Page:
Back in 2008, Obama’s administration formed a task force as a remedial and preventive measure for the likes of 2007-08 financial crisis. Donald Trump’s decision to create a new version of the task force will provide greater autonomy and directive control to his government.
This new task force under Trump’s administration is led by the Justice Department with agencies like the Federal Trade Commission, the Securities and Exchange Commission (SEC), and the Consumer Financial Protection Bureau as member bodies.
In the wake of the ‘cryptocurrency revolution,’ the Justice Department, the SEC, and the Commodity Futures Trading Commission have actively been targeting their resources to deal with Bitcoin and crypto frauds. Given how frequently government officials have warned public about the dangers and threats involved in crypto-trading, the decision to focus on ‘cyber fraud’ and ‘digital currency fraud’ (as cited in the group’s executive order), does not come entirely uninformed.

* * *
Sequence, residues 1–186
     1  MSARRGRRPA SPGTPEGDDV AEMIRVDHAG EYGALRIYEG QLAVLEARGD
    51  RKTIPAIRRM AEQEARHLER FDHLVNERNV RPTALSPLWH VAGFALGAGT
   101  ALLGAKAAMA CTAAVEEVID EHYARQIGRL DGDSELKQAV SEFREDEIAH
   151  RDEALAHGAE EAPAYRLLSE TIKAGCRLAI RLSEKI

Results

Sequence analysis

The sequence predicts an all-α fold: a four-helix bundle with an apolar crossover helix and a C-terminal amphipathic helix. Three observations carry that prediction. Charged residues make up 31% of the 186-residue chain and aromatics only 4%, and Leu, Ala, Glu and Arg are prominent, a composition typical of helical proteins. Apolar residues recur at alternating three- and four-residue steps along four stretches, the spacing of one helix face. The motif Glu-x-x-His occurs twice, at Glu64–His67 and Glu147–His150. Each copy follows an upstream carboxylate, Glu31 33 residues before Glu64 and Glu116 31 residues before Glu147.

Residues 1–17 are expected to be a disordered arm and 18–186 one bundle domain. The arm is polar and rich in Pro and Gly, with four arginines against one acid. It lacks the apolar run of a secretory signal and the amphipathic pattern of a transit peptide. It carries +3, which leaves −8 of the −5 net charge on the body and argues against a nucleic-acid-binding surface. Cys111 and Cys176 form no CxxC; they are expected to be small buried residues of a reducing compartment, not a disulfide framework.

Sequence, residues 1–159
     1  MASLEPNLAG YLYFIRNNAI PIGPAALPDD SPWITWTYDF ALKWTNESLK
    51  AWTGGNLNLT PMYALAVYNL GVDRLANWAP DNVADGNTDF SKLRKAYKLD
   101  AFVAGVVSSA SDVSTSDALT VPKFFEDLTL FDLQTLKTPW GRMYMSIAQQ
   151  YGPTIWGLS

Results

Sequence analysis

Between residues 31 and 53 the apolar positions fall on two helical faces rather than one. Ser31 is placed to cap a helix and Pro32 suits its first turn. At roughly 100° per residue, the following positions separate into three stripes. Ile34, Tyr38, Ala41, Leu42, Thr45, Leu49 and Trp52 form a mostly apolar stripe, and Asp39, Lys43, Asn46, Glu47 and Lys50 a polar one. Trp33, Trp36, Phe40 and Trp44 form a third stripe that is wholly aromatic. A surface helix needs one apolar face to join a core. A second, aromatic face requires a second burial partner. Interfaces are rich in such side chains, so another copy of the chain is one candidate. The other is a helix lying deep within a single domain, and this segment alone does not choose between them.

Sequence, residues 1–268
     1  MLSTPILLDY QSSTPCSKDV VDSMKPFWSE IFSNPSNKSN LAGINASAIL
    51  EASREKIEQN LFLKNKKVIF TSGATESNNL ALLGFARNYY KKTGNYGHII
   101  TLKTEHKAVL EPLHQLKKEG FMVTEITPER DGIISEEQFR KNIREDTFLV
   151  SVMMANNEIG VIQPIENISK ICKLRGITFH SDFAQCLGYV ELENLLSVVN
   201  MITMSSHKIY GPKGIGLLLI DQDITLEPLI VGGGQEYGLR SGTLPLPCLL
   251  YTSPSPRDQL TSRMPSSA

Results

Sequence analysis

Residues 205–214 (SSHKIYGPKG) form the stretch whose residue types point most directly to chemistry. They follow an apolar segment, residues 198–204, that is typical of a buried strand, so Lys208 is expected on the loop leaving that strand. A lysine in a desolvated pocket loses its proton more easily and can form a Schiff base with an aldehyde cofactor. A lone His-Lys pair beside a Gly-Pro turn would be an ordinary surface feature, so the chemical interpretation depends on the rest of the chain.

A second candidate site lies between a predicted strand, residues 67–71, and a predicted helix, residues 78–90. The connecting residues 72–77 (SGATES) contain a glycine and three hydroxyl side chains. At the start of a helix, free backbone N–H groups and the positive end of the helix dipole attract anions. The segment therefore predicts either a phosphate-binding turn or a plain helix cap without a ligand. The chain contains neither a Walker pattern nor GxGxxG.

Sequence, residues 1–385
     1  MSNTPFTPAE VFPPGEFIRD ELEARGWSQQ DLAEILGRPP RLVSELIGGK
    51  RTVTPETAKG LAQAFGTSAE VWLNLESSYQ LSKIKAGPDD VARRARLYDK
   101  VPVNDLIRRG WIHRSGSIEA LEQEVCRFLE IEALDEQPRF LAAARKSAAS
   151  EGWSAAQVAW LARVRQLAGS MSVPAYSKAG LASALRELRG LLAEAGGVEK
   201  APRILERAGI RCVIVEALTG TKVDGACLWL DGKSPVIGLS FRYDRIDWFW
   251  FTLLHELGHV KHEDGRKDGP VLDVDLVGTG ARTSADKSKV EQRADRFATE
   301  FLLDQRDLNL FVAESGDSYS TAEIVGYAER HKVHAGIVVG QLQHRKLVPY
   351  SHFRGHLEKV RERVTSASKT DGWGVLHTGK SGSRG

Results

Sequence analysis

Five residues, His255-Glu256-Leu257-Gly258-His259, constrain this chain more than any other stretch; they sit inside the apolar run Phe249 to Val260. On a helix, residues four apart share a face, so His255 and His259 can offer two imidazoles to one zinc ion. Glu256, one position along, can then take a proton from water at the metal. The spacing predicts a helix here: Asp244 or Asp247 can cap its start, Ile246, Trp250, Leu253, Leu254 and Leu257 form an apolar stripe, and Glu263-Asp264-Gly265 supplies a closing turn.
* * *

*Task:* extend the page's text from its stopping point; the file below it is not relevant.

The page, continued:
During a press briefing in Washington, Deputy Attorney General Rod Rosenstein expressed that “fraud committed by companies and their employees has a devastating impact on American citizens in the financial markets, the healthcare sector, and elsewhere.” He also believes that this will incentivize firms to avoid “piling on,” and to further cooperate with the task force to make the digital space safer.
These statements are in line with what he said earlier in May 2018 regarding the impact of implementing several enforcement actions on firms. “(Multiple prosecutions) can deprive a company of the benefits of certainty and finality ordinarily available through a full and final settlement,” believes Rosenstein.
Given that 80% of US respondents in a 2017 survey considered cybersecurity to be extremely critical, this could prove to be an essential step by Trump’s administration. Apart from the conventional list of crimes that includes money laundering, terrorist financing, and scams against seniors, the new task force will also focus on digital assets and tokens.
With the market cap of cryptocurrencies soaring at $249 trillion (as of 13th July 2018), existing and potential investors might be able to breathe a sigh of relief with such measures and protection. The inclusion of digital tokens in the focus areas of this task force clearly indicates the administration’s consideration of these currencies as one of the biggest threats to the public.